June is prime time to plant the native milkweed and nectarines that western monarch butterflies need to thrive in Southern California.
And a good place to start your pollination prep is at Theodore Payne Foundation’s Second Polling Party on Sunday, June 12, featuring beer, pizza and ice cream infused with native plants. as well as a selection of pollinated plants for purchase at Eagle Rock Brewery, 3056 Roswell St., in Glassell Park from 1 to 5 p.m.
“I like to think of pollination as a two-part thing,” said Evan Meyer, executive director of the Theodore Payne Foundation, “the literal pollination of plants but also the cross-pollination of groups and backgrounds. different cultures in Los Angeles. We wanted to celebrate the summer time, where we live and what’s great about being here.”
And part of the great part of being here is getting access to the third release of Eagle Rock Brewery’s famous Local Source beer, a lager laced with three Southern Californian native plants – morning glory, Black sage and California bay laurel. Meyer says the beer taps sold out at last year’s Pollination Party, so they’re making sure there’s plenty of stock this year, both on tap and in cans.
Three other pop-up food producers will join the party with dishes infused with native plants: Sad Girl Creamery, an LA ice cream parlor owned by Latina, making ice cream; Quarantine Pizza is adding indigenous flavors to its sourdough crust; and food designers/waitresses Hank and Bean will demonstrate how to make simple dishes using native plants.
All plants are supplied by Theodore Payne, said Meyer, who has submitted a selection of native stems and leaves to food manufacturers for inspiration.
“The flora is very fragrant and their smell is so familiar and unusual, which really makes sense for people who like flavors to use them,” says Meyer. “Everybody loves pizza and ice cream, and using local flavors opens up a whole conversation about that. It’s a good gateway to learn more about the native plants. ”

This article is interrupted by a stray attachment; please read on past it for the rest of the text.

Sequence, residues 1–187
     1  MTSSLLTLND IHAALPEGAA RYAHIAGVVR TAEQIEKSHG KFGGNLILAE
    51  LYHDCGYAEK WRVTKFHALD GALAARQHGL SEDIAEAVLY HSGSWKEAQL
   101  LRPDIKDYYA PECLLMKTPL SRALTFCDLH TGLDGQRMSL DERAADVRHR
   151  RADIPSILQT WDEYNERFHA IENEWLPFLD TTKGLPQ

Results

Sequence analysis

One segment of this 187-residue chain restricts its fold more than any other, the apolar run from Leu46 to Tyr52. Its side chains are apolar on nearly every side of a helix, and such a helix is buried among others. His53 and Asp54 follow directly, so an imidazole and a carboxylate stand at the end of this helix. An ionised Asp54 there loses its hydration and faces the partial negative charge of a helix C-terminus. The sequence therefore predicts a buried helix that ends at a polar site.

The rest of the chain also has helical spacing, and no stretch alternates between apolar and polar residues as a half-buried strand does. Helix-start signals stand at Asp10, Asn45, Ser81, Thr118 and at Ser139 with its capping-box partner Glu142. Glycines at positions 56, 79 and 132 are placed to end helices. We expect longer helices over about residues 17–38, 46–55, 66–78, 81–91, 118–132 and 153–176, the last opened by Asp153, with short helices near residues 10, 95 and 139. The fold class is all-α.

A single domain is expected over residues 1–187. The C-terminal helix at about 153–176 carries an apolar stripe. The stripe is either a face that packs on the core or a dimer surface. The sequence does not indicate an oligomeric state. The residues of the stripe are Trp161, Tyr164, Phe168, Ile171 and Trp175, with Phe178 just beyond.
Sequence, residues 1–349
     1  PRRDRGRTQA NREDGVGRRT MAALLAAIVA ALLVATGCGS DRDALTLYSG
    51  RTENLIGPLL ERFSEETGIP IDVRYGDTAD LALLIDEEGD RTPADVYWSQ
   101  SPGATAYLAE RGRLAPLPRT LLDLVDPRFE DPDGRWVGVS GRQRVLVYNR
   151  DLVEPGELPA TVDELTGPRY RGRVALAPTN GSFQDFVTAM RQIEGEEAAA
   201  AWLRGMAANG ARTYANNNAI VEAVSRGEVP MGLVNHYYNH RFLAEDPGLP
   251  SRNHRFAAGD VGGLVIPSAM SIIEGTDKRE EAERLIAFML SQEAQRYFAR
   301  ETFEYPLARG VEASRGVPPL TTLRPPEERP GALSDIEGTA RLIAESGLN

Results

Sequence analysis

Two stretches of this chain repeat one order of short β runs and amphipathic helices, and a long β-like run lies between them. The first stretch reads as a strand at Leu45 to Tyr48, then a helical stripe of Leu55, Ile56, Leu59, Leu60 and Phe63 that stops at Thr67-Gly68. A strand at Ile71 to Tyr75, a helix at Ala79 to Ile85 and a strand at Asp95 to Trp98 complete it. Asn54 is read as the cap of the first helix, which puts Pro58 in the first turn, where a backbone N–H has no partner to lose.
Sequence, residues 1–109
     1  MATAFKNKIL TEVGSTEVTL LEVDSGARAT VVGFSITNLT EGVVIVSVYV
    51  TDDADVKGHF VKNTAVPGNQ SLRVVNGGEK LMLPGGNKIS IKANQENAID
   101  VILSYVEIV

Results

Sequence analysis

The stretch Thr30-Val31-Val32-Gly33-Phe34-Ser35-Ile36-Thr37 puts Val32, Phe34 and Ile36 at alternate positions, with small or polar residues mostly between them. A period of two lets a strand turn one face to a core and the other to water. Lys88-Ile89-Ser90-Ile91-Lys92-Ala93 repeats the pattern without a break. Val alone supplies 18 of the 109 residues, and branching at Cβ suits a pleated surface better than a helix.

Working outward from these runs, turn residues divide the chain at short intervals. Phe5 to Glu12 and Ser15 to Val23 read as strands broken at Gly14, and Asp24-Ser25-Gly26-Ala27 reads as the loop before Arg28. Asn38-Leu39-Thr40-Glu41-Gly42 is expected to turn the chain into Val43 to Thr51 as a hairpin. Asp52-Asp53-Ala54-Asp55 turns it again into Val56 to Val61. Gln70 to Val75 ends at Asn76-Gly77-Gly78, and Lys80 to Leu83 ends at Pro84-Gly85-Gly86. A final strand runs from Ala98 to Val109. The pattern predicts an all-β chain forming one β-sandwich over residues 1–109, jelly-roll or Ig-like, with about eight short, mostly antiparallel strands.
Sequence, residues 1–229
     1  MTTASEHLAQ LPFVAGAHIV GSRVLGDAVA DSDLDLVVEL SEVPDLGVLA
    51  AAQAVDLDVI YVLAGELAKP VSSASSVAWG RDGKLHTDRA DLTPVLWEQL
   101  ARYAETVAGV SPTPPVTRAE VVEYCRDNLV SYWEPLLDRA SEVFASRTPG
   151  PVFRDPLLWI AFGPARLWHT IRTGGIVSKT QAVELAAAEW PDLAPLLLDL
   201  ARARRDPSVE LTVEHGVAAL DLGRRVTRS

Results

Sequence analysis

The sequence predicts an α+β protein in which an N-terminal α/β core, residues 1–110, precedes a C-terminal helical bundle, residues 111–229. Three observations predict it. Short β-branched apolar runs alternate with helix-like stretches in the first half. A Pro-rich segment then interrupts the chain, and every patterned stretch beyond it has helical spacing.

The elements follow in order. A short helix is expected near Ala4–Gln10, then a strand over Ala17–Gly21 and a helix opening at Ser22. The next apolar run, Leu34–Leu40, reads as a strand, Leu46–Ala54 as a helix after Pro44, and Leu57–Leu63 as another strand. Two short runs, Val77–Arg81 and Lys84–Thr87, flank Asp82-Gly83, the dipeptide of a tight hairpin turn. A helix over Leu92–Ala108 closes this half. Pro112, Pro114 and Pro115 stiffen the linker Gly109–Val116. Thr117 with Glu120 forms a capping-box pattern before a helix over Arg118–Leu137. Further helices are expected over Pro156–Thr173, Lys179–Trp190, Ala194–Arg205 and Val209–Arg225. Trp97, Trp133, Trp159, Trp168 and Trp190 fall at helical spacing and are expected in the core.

People can also learn about native plants the old-fashioned way, by browsing the foundation’s pop-up shop at the brewery and its newsstand, which will be run by Meyer herself.
The store will sell a variety of merchandise, from t-shirts and books to a number of 4-inch potted plants, including narrow-leaved yarrow, common yarrow, red-flowered buckwheat, Great Valley gum tree, tree Allen Chickering sage and penhill. Prices range from $5 to $7 or $20 for a mix and match four-course package.
Meyer says the event is family-friendly, with non-alcoholic beverages, including a recipe for a lemonade infused with black sage, “one of the most popular plants that grows in the wilds of LA. Here’s how he made it:
- Stir in equal parts water and sugar (as in one cup of sugar and one cup of water), then dissolve over heat to form simple syrup.
- You do not want to boil this solution; Just heat until the sugar dissolves, then turn off the heat and add 4 or 5 black sage leaves. Don’t leave the leaves on for too long – about 5 minutes should be enough – as the sage flavor is very strong.
- Remove the leaves and add freshly squeezed lemon juice to the water until you have the desired lemon taste. (Meyer recommends using filtered water to improve the taste.)
Meyer says the flavor will be a bit overpowering, “but in a good way. “If you do it the right way, balancing sugar and lemon, it’s not like tea but more botanical, and man, it’s good. It’s the taste of LA”
https://www.latimes.com/lifestyle/story/2022-06-07/native-plant-beer-eagle-rock-brewery-theodore-payne Native plant-based beer, pizza are the stars of this LA event